The Omicron, a more infectious coronavirus variant with surprisingly many mutations has been discovered in Africa. Following a sudden burst of news, countries around the world closed their borders to infected African countries, stocks of travel companies plummeted, and the WHO called for an extraordinary meeting on Friday.
The new variant was identified by a number of scientists to cause only mild symptoms and is therefore considered unnecessary to panic as a result of its discovery.
Virologist Miklos Rusvai said that if clinical tests prove that Omicron indeed does not cause severe symptoms, it could “Push out” the previous Delta variant, which is known to be very harmful.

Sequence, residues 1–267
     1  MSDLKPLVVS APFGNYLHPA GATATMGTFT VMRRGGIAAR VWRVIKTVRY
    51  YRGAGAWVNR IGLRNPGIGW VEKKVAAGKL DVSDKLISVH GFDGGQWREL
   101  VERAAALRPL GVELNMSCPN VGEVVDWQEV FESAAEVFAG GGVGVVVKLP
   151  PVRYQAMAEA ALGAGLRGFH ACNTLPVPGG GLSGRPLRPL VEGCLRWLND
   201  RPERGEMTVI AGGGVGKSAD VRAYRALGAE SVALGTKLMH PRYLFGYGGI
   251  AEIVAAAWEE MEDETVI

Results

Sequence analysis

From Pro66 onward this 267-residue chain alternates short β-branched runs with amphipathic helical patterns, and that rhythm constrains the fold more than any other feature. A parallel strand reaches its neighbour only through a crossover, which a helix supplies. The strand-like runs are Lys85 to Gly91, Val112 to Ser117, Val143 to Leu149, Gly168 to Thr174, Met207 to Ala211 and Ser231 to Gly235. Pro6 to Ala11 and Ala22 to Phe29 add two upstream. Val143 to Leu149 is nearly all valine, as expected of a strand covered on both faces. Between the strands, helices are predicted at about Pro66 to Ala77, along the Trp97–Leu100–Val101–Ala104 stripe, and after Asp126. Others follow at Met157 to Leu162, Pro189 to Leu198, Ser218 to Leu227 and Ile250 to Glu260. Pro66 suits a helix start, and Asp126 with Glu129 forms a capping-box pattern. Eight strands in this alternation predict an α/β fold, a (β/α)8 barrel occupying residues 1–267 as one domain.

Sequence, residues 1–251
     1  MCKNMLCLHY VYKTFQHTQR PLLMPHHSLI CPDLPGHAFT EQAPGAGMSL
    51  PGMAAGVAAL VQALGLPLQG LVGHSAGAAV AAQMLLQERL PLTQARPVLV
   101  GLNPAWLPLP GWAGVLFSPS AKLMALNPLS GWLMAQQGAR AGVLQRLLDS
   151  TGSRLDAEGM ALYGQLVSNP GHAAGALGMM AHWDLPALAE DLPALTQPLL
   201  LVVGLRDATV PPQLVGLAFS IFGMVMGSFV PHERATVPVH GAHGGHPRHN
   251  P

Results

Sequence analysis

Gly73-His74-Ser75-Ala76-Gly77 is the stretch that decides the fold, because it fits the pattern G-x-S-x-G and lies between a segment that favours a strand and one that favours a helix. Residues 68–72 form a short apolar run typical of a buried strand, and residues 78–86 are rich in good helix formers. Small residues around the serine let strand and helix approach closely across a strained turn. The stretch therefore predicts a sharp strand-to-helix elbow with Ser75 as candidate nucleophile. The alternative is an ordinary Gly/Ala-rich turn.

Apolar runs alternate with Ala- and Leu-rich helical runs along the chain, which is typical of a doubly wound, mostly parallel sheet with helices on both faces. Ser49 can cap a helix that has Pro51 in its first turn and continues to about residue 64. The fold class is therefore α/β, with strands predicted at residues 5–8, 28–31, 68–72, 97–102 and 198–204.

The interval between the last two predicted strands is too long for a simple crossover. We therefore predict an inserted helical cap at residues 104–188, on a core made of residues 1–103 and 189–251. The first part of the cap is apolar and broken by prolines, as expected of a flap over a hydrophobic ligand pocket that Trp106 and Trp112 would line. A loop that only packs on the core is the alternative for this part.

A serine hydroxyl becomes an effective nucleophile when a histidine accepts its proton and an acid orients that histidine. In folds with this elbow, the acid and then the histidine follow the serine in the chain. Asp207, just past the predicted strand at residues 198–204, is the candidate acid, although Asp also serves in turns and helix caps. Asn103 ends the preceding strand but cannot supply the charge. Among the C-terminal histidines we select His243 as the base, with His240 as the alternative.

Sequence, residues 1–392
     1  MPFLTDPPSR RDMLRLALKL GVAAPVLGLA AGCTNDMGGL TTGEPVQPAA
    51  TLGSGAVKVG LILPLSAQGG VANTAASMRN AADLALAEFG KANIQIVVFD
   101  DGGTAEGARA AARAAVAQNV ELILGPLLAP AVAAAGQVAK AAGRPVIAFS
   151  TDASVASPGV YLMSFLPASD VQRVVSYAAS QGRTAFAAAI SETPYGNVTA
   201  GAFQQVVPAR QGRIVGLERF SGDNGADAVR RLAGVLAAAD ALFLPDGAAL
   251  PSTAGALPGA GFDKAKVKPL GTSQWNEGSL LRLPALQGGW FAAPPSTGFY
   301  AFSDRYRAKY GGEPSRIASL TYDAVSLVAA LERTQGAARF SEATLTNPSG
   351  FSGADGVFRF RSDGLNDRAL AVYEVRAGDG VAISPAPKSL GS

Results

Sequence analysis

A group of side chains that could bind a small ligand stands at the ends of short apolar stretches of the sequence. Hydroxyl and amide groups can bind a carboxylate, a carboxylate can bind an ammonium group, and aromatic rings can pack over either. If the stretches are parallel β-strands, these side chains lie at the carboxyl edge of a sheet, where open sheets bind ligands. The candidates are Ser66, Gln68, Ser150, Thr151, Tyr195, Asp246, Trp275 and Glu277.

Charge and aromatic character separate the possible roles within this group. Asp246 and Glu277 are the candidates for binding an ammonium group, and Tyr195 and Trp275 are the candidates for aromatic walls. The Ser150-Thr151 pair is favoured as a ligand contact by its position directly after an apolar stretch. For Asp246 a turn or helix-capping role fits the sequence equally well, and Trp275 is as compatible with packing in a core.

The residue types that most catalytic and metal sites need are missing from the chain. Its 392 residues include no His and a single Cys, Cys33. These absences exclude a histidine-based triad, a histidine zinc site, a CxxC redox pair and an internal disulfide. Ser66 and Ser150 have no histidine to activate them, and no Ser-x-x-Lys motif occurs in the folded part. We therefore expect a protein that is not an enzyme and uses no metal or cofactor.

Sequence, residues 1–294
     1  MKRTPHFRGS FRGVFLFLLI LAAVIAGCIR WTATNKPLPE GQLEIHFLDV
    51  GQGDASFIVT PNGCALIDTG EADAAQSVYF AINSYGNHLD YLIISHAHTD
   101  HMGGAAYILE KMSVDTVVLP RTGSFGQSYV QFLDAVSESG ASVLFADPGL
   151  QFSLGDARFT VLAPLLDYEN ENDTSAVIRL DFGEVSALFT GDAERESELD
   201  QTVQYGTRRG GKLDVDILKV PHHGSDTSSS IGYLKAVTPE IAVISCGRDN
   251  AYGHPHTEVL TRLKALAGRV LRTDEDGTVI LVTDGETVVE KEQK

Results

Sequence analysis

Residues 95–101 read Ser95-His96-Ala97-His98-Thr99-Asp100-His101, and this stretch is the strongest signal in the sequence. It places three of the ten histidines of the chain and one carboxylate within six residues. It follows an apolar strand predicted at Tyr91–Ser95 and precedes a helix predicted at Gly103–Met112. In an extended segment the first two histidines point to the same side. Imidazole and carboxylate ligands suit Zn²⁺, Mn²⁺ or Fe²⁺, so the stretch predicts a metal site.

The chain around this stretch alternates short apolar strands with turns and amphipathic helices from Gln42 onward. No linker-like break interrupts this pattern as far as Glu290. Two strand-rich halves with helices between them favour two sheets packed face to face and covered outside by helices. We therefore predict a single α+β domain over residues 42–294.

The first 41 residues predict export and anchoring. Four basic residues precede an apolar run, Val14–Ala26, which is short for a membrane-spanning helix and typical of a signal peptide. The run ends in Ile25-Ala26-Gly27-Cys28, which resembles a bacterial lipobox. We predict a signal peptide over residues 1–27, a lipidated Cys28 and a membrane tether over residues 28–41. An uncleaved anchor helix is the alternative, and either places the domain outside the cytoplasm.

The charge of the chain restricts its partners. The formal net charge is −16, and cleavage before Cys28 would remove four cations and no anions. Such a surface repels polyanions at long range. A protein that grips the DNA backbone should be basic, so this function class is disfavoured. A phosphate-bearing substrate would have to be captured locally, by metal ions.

“If it spreads faster, but causes less damage, then it would not be necessary to introduce new restrictions,” he said, adding that before the results of the clinical tests, caution was still in order.
He also said that the appearance of Omicron in Hungary was only a question of time.
The government also decided to extend its special vaccination action week, which started on Monday November 22, by another week, and after December 20, the vaccine against Covid-19 will be also available to children aged 5-12.
Speaking on public radio Friday morning, Prime Minister Orbán asked parents to vaccinate their smaller children as well.
As of Thursday, 6,138,885 people have received at least the first shot of a vaccine, while 5,852,417 had two jabs, and more than 2,609,385 got their booster shot, according to the government's coronavirus information website.